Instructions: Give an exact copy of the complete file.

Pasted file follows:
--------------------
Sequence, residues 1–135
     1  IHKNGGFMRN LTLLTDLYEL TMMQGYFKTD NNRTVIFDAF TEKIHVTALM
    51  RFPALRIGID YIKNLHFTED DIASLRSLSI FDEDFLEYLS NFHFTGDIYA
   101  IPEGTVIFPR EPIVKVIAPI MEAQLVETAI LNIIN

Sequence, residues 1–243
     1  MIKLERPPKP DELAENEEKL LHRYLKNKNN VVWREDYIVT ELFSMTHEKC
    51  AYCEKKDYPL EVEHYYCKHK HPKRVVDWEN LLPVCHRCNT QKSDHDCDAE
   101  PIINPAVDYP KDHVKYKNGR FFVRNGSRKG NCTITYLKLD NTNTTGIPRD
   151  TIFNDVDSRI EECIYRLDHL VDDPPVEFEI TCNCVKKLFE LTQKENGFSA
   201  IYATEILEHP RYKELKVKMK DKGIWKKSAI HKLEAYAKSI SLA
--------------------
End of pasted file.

Sequence, residues 1–135
     1  IHKNGGFMRN LTLLTDLYEL TMMQGYFKTD NNRTVIFDAF TEKIHVTALM
    51  RFPALRIGID YIKNLHFTED DIASLRSLSI FDEDFLEYLS NFHFTGDIYA
   101  IPEGTVIFPR EPIVKVIAPI MEAQLVETAI LNIIN

Sequence, residues 1–243
     1  MIKLERPPKP DELAENEEKL LHRYLKNKNN VVWREDYIVT ELFSMTHEKC
    51  AYCEKKDYPL EVEHYYCKHK HPKRVVDWEN LLPVCHRCNT QKSDHDCDAE
   101  PIINPAVDYP KDHVKYKNGR FFVRNGSRKG NCTITYLKLD NTNTTGIPRD
   151  TIFNDVDSRI EECIYRLDHL VDDPPVEFEI TCNCVKKLFE LTQKENGFSA
   201  IYATEILEHP RYKELKVKMK DKGIWKKSAI HKLEAYAKSI SLA